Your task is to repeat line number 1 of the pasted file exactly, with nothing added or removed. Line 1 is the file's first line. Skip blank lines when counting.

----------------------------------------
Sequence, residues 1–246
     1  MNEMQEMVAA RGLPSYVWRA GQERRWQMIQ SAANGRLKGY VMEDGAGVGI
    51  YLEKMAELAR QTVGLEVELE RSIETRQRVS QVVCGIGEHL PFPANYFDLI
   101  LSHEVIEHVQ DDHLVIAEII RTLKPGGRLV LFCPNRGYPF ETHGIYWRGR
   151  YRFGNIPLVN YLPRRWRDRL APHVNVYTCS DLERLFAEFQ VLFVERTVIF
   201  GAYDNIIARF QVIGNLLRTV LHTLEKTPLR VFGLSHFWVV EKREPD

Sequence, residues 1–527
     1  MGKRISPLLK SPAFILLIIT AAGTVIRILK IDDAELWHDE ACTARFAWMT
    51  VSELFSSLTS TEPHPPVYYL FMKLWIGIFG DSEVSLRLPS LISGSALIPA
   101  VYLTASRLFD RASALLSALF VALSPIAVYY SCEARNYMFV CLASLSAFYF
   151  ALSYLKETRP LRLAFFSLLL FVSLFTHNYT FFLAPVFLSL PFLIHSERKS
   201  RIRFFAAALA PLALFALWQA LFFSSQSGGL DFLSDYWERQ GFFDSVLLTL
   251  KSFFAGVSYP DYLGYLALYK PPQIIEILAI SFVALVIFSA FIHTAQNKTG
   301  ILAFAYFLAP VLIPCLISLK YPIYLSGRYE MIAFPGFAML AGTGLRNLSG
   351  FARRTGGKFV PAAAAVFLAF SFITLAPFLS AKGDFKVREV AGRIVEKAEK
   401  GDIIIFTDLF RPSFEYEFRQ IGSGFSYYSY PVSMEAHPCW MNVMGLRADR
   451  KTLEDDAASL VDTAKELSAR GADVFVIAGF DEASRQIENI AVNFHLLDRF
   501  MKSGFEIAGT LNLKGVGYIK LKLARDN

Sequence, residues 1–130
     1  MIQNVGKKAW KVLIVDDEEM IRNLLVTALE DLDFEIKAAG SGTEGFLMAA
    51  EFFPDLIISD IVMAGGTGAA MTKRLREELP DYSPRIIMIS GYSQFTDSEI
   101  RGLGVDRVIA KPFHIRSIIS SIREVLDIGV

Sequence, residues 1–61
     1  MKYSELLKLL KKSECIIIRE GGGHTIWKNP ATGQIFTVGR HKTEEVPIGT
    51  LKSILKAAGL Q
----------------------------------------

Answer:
Sequence, residues 1–246